This doesn’t come naturally for me, but I’ve been experimenting with my preschooler. He wants to hear stories every night, one from mommy and one from daddy. And for the last few months, daddy’s stories have all followed a single hero (Percival Bunny-rabbit) in a continuous narrative, usually cutting off at the moment of maximum tension.

It’s cruel, I know. And every time the boy flops back on his bed with a frustrated groan, or spends the next day begging to hear the end of the story, there’s a part of me that thinks it can’t be good parenting to torture him so.

But another part of me is delighted.

He tells me he prefers stories that have an ending. So every few nights I give him a break and we come to a place where I can pronounce THE END. But the very next night my boy is asking me if we have any “leftover stories.” He can’t wait to find out what his hero is going to do next. And neither can I.

Which is the second way I am trying to make tension work for me: keeping myself in suspense. I don’t like leaving things unfinished. In fact, I’m like Roger Rabbit, positively vibrating with the need for closure.

So I’ve been experimenting on myself, trying to use this tension as a driver. Instead of stopping my writing for the day at a place where I’ve finished my scene and said all I want to, I cut it short and walk away.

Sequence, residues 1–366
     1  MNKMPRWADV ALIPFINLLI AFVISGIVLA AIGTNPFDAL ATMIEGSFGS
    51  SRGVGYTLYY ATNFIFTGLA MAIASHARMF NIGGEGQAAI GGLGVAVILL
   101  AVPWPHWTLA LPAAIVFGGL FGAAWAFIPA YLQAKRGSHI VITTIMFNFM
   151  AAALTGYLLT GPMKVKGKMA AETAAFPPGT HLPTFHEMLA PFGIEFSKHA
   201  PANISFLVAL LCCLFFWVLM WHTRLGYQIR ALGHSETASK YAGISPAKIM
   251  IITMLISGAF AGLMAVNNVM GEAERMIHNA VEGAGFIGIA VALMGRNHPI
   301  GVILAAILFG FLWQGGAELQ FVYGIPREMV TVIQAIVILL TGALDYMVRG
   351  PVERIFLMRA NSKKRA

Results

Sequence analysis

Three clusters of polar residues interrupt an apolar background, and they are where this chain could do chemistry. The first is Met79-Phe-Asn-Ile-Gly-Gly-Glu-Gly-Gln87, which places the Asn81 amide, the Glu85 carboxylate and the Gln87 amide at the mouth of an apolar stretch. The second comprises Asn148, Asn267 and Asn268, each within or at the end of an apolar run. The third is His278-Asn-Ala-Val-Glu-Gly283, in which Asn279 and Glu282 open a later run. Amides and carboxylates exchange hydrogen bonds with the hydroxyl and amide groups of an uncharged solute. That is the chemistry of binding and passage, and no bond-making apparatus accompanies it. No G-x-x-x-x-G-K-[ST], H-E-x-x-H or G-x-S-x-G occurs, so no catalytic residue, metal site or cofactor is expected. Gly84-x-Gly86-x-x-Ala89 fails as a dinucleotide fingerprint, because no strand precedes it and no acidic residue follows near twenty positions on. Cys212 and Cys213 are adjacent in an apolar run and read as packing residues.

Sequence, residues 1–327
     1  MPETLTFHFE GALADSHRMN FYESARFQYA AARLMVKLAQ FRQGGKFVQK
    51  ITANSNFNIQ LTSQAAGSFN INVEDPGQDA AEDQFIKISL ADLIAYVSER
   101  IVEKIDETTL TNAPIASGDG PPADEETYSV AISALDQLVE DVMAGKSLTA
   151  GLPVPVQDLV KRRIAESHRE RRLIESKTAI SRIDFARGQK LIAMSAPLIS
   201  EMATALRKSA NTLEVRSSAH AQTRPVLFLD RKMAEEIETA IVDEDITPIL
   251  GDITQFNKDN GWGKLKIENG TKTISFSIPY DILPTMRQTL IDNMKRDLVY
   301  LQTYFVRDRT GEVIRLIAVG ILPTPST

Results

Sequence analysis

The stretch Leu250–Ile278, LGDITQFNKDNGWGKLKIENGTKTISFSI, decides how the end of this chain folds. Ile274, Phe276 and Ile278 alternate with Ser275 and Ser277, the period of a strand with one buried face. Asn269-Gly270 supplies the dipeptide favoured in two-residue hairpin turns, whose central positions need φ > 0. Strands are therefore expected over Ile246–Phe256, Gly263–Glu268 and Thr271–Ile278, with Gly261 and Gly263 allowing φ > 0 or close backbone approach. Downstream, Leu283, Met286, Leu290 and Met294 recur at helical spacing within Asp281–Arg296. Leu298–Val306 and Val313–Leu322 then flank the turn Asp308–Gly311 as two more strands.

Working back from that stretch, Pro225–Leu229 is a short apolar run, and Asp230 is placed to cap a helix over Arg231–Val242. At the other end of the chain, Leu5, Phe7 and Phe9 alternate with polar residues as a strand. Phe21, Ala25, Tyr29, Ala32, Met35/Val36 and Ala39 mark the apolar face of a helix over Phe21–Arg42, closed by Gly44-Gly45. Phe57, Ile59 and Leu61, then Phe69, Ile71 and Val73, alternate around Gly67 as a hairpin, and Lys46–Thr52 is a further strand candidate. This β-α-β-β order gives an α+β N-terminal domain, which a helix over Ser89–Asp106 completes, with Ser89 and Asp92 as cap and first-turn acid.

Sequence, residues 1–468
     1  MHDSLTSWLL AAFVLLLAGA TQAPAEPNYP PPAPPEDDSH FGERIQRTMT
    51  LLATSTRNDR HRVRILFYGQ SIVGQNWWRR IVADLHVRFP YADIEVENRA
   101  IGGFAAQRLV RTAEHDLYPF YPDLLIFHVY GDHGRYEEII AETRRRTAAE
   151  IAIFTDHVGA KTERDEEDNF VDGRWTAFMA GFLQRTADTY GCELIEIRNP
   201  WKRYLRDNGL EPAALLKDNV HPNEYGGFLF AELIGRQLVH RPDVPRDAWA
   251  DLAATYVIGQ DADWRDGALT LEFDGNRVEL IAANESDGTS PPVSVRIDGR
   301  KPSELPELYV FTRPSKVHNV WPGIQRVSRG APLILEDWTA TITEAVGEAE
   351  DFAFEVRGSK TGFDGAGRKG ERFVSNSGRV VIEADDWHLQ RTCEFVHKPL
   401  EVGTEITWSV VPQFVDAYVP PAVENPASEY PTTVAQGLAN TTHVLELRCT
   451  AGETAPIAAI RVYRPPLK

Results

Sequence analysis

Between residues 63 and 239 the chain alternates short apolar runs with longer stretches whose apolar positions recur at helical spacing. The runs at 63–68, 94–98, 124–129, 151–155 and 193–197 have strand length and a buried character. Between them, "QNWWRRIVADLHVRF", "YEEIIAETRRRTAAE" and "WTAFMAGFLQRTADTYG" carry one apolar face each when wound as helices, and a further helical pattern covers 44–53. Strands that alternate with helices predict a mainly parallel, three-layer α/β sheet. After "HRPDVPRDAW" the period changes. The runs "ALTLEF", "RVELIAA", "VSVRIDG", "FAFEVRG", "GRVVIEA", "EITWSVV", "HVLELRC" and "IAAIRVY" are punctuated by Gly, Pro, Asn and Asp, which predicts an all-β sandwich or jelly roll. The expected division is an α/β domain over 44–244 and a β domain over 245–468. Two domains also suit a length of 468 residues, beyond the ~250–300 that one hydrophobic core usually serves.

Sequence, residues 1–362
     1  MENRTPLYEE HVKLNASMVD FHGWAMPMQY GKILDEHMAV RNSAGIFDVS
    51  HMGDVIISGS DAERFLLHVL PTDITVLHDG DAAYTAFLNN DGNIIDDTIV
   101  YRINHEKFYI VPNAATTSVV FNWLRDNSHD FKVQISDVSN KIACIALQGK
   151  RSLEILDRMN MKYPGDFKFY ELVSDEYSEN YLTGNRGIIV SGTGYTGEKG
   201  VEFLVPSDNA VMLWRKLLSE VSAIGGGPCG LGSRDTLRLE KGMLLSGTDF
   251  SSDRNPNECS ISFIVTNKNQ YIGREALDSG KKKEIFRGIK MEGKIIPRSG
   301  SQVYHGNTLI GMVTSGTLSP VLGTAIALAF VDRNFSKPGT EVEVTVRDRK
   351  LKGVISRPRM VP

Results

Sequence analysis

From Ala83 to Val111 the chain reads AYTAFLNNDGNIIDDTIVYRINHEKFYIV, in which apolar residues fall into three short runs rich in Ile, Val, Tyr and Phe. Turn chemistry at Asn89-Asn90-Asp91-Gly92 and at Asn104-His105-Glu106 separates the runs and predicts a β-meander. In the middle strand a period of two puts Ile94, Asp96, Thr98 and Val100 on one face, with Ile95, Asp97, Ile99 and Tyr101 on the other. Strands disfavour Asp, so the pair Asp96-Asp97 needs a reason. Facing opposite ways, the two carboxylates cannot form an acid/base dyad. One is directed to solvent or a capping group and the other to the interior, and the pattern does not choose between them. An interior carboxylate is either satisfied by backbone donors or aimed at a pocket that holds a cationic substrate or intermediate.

The pressure of that incomplete ending, that unfinished chapter, pushes me to get back to the keyboard. And until I do, the untold story is bouncing around in my brain– generating dialogue, action sequences, etc. It itches at my brain, keeps me up at night, kicks me out of bed early in the morning to curl up on the couch with my laptop and punch out the lines that have been running through my head since my last writing session.

The experiment is still young, but it’s had some promising results. I’m really excited. I also am a little anxious, because we’ve got a new baby coming and I know that’s going to turn my whole life upside down (for the third time). And then we have the end of the semester, and then summer (and attendant travel) is going to nuke my schedule, and then we’re going to move.

So even though I’m telling you this works, I really don’t know if I can even keep this up myself. Will my new writing plan survive the month of March, or will it fall casualty to sleep deprivation? Will I find the time to finish my novel, or miss my deadline and maybe miss my chance? What will become of our peerless hero?

Find out next time, in . . .

PERCIVAL BUNNY-RABBIT

AGAINST

THE WORLD CRIME LEAGUE